suddenly honks: it is 12:40 of

a Thursday.

                Neon in daylight is a

great pleasure, as Edwin Denby would

write, as are light bulbs in daylight.

I stop for a cheeseburger at JULIET’S   

CORNER. Giulietta Masina, wife of

Federico Fellini, è bell’ attrice.

And chocolate malted. A lady in

foxes on such a day puts her poodle

in a cab.

             There are several Puerto

Ricans on the avenue today, which

makes it beautiful and warm. First

Bunny died, then John Latouche,

then Jackson Pollock. But is the

earth as full as life was full, of them?

And one has eaten and one walks,

past the magazines with nudes

and the posters for BULLFIGHT and

the Manhattan Storage Warehouse,

which they’ll soon tear down. I

used to think they had the Armory

Show there.

                A glass of papaya juice

and back to work. My heart is in my

pocket, it is Poems by Pierre Reverdy.

Frank O'Hara - The Day Lady Died

it is 12:20 in new york a friday
three days after bastille day, yes
it is 1959 and i go get a shoeshine
because i will get off the 4:19 in easthampton
at 7:15 and then go straight to dinner
and i don’t know the people who will feed me

 

i walk up the muggy street beginning to sun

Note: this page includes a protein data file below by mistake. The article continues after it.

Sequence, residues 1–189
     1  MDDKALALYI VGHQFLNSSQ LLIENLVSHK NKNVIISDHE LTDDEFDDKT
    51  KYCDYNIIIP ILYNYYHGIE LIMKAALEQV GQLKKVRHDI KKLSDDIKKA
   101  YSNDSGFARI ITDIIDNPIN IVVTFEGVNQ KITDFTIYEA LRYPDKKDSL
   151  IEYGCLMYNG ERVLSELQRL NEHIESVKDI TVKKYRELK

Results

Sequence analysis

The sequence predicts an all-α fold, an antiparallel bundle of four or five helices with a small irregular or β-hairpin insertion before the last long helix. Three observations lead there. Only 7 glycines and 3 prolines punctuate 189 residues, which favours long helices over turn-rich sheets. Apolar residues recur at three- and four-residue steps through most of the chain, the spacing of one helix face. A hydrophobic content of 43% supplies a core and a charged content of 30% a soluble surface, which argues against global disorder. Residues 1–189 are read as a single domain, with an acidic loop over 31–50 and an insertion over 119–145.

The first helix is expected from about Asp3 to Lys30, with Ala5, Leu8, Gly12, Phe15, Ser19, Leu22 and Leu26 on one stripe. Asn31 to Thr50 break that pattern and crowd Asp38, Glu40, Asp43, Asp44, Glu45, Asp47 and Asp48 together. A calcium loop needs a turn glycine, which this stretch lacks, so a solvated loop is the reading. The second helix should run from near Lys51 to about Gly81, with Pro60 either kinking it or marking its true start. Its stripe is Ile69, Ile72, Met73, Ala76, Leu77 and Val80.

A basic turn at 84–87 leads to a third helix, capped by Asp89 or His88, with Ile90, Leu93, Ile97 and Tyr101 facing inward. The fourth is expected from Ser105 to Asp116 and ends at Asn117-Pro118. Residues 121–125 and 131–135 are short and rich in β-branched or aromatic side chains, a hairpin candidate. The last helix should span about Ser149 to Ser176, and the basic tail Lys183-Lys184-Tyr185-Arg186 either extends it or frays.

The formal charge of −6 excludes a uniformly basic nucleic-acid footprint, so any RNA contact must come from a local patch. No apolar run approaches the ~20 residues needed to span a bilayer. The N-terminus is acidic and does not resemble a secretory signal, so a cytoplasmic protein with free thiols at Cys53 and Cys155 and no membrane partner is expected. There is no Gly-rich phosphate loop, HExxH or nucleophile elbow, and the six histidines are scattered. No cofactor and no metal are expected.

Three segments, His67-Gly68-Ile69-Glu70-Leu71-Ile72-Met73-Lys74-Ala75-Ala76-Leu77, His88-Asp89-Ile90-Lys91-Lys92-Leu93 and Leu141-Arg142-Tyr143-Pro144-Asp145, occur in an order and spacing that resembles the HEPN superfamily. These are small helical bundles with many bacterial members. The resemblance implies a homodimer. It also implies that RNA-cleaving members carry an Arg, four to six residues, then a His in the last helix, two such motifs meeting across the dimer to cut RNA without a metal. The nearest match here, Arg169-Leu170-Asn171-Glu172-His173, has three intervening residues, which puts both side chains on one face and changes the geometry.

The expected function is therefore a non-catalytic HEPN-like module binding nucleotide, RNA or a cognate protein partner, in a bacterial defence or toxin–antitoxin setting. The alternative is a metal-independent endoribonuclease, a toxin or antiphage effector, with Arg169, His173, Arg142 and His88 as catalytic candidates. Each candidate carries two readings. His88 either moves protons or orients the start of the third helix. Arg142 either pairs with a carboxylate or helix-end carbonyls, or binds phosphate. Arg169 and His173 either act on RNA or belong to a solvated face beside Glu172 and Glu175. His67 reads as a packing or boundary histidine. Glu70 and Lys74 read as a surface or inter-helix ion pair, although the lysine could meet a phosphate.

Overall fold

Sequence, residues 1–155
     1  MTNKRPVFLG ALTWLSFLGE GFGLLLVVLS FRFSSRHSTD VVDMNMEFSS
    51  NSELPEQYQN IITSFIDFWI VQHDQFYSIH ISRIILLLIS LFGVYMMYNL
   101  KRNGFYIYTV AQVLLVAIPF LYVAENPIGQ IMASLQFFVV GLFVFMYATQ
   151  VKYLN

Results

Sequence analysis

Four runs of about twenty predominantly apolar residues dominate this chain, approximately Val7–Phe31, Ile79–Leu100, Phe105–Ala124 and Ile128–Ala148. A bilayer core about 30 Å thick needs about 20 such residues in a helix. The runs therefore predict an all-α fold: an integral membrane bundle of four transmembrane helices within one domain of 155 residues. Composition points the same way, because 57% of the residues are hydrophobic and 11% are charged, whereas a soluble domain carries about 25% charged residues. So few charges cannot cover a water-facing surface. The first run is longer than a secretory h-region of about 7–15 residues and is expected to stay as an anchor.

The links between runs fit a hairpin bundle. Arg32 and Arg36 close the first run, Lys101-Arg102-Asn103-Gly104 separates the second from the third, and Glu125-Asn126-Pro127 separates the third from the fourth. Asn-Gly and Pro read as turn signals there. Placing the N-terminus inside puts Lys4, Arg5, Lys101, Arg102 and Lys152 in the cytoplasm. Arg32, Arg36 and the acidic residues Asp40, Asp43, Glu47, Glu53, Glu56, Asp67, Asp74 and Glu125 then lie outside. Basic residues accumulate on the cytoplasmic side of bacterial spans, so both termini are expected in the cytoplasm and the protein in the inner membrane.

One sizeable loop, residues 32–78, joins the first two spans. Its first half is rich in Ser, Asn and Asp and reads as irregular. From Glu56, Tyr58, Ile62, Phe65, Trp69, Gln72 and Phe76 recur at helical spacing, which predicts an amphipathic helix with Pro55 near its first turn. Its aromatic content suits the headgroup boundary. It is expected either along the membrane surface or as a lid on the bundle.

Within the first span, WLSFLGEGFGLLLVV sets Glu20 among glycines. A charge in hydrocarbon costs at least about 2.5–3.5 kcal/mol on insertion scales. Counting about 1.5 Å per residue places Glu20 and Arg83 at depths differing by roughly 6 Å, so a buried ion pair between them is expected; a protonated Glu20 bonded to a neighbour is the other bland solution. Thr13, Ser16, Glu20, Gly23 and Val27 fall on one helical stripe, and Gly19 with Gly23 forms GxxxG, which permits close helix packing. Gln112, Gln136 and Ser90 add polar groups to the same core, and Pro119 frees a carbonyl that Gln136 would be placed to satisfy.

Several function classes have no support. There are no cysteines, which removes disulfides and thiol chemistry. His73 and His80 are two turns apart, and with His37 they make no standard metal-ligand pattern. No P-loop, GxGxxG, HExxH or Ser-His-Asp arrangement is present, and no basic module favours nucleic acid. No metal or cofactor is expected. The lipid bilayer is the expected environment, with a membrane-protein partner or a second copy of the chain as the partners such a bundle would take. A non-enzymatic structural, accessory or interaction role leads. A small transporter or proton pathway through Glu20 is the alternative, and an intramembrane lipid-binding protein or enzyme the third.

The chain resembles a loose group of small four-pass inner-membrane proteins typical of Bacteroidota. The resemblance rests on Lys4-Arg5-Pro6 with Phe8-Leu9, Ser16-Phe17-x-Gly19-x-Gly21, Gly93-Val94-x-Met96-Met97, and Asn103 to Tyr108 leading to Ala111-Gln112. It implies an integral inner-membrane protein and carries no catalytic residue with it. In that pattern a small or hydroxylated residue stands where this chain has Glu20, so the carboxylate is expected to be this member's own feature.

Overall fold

and have a hamburger and a malted and buy
an ugly new world writing to see what the poets
in ghana are doing these days
i go on to the bank
and miss stillwagon (first name linda i once heard)
doesn’t even look up my balance for once in her life
and in the golden griffin i get a little verlaine
for patsy with drawings by bonnard although i do
think of hesiod, trans. richmond lattimore or
brendan behan’s new play or le balcon or les nègres
of genet, but i don’t, i stick with verlaine
after practically going to sleep with quandariness

 

and for mike i just stroll into the park lane
liquor store and ask for a bottle of strega and
then i go back where i came from to 6th avenue
and the tobacconist in the ziegfeld theatre and
casually ask for a carton of gauloises and a carton
of picayunes, and a new york post with her face on it

 

and i am sweating a lot by now and thinking of
leaning on the john door in the 5 spot
while she whispered a song along the keyboard
to mal waldron and everyone and i stopped breathing